Tell The World!
This is another section where I am just going to cut to the chase. You’ve got your edited manuscript, your cover files, your Meta Data Doc, and you’re ready to let the world know that your book exists…or will exist soon!
International Standard Book Number. You need one for each unique format and edition of your book. I say “unique” because usually an edit to your book does not constitute an entirely new edition.
What requires their own unique ISBNs:
- Hardcover (sometimes labeled Hardback)
- A different print size of either of the above
- Same Book, New Cover
- Addition of a forward, afterward, new chapters, illustrations, or other major changes to the narrative
What does NOT require a unique ISBN:
- Typo edits
- Minor changes to narrative
- Changing the cover
- File format or margin changes
- If you are using multiple distributors (Don’t fret over this one, though. As a self publisher you technically are the distributor.)
How do you get your ISBNs?
There are ten million places to buy ISBNs online but its important to know that they all come from the exact same place: Bowker. The only things you’ll gain from buying ISBNs from another company are agreeing to confusing terms and being added to another spam email list. Just buy from Bowker.
Once you purchase your ISBNs through Bowker, they have a neat account portal that you access and assign your ISBNs to the correct versions of your book(s). There are also many fields to enter your meta data so it’s a good thing you have that Meta Data Doc!
Do you need a Barcode?
Yes! For any PRINT version of your book, you can assign a unique ISBN to a unique, downloadable barcode. These will come in handy when a local book store wants to carry your book or if you have your own scanner with a service like Square because you’re a boss. This also ensures that you have full control over what’s printed on the back of your book.
*Tip: If you are planning to do a hardcover, paperback, and an eBook, you will need to buy 3 ISBNs and 2 barcodes.
As of 7/13/23, these are the basic pricing structures:
- 1 ISBN: $125
- 1 Barcode: $25
- 10 ISBNs: $295
Note: I personally went with the 10 ISBN pricing because I know I’m publishing multiple books in multiple formats and then I purchased $25 barcodes as needed.
ISBNs are tied to the publisher (you), not the printer/distributor (Amazon, Ingram, B&N, or whoever). This means that, as long as your book is in the same format, size, and edition, you can use the same ISBN and Barcode across multiple print services. There is no law against it.
Where things can get hairy is if a printer/distributor requires you to have a unique ISBN or gives you a warning saying “ISBN already used.” Depending on how much time and patience you have, you can contact their respective support channels hash it out or find little workarounds on the internet.
If you are choosing to publish anything through Ingram Spark, make sure you upload your titles there FIRST. For some reason, Ingram does not like when you try to add an ISBN that has already been used on Amazon KDP. It will force you to enter a new one or transfer the title to them exclusively. (Silly, I know. YOU are the publisher, not them.) Just in case, here is a good article explaining more in depth what to look for.
You know those cool little logos on the spines of all your favorite books? That little penguin from Penguin Random House, the lamp post from Back Bay Books, or the cardinal from SoDak Publishing are all examples of, well, imprints! If you too dream of one day having a cute little critter crawling up your spine (book spine, that is), then I’m here to tell you you can, and should, make it a reality.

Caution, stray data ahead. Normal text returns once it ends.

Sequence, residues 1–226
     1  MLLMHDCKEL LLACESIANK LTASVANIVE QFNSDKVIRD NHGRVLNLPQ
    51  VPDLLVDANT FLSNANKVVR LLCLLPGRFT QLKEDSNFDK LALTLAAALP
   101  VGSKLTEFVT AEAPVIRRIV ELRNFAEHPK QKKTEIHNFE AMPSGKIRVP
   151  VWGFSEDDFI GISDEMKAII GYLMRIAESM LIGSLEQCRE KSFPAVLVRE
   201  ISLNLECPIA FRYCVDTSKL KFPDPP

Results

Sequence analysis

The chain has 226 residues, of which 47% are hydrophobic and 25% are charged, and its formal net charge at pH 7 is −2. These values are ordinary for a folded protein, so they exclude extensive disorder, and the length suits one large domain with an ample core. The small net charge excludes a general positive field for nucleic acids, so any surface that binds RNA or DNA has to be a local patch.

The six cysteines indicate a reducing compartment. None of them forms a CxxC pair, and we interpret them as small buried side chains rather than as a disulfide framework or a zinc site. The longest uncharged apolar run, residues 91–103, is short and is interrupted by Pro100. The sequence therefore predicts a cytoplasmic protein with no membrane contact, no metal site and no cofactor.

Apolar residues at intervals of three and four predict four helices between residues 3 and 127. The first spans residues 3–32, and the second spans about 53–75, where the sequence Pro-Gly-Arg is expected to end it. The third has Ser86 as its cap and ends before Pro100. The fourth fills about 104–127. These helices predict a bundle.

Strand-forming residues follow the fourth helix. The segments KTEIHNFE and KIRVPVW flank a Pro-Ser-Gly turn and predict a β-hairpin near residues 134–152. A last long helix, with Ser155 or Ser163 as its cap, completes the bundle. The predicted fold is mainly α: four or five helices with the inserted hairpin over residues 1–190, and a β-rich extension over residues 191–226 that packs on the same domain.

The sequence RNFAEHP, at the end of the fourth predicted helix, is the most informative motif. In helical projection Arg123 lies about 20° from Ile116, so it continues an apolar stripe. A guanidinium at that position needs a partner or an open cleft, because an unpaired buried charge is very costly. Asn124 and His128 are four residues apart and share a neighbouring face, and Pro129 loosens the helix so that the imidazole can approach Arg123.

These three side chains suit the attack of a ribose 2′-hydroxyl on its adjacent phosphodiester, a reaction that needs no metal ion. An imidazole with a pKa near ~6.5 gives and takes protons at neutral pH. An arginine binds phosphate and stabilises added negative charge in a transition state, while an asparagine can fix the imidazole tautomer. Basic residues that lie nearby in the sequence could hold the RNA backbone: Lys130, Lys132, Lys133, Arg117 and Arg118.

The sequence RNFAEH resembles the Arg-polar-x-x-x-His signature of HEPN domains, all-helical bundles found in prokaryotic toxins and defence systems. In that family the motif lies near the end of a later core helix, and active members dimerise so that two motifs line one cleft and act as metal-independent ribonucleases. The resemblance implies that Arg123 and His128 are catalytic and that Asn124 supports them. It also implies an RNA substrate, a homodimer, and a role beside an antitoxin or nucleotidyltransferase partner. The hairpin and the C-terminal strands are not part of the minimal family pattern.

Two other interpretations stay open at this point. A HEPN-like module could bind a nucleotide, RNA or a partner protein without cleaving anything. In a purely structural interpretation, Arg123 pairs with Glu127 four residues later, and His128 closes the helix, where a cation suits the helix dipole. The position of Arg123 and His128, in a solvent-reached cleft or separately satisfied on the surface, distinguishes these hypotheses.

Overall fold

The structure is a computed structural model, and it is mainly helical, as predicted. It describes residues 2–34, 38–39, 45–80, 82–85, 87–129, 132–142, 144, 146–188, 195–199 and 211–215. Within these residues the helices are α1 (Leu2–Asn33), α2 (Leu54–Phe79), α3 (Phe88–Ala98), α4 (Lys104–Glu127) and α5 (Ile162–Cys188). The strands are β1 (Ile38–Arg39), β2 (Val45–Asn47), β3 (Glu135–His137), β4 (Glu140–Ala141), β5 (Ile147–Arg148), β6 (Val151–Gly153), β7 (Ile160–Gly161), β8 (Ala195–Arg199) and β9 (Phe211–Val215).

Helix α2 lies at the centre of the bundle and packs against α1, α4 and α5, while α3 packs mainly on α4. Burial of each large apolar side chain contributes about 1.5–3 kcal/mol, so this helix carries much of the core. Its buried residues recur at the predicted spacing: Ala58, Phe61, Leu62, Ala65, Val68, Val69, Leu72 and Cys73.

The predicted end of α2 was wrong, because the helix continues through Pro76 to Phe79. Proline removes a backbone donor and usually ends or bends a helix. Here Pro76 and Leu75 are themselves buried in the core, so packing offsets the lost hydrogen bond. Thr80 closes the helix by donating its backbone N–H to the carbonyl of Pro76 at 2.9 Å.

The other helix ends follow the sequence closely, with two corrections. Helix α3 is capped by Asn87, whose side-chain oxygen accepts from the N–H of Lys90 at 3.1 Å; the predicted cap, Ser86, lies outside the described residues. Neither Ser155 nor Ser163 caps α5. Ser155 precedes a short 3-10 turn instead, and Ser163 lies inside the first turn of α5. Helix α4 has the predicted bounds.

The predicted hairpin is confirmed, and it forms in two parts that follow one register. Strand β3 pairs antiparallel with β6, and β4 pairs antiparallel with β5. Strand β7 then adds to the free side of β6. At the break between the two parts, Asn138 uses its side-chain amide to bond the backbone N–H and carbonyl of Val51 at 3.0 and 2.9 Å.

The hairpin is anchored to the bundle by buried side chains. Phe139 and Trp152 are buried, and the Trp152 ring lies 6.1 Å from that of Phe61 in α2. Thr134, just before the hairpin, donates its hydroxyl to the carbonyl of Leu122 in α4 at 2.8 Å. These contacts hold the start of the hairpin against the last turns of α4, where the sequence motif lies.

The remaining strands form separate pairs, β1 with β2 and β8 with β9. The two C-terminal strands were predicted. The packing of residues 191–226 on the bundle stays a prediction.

By definition, “an imprint is a trade name under which it publishes work”. As a self publisher, you can do this under your own name, but I highly recommend going big and creating a formal entity. I will go over the nuts and bolts and the importance of forming your own LLC in Part 7, but for now just understand that it will help you separate your personal life from your publishing one.
If an imprint is something you’d like to pursue, start brainstorming now what you would like it to be. Think of it as your “company logo”. What type of graphic represents you and your work? For SoDak Publishing I chose a cardinal because the same northern cardinal has visited my yard every day for the past 4 years. My wife and I call him Cardi B. 😁
Things to remember:
- Even though you’re not traditionally published, an imprint will make you look more professional, which in turn signals to readers that you give a damn and don’t just slap your novels together
- Your imprint will appear on your book spine, on your title page, on your website, and other promotional materials you may need to create along the way
- Make sure your imprint is clearly visible/recognizable at many different sizes (big and small)
- Your imprint will (should) appear on every book you self-publish
- Don’t overthink it. At the end of the day it’s just a little logo
Copyrighting can technically wait until you’re completely finished with your book, or even a year after it’s released, but I HIGHLY recommend you copyright your book at some point. Though you are protected by U.S. copyright laws (As noted in Part 4), having your novel officially registered with the Library of Congress means there will be no dispute. You also get a cool certificate in the mail!
To copyright your book, visit the U.S. Copyright Office website and follow their registration process (Make sure you have your Meta Doc handy!). It cost me $65.00 to copyright “Man, Kind” using the Standard Application.
You Now Exist!
Now that you’ve purchased your ISBNs, assigned your barcodes, and have given lots of thought towards designing your imprint, let’s move on to every author’s worst nightmare: Part 7: Business, Income, & Taxes…BOO!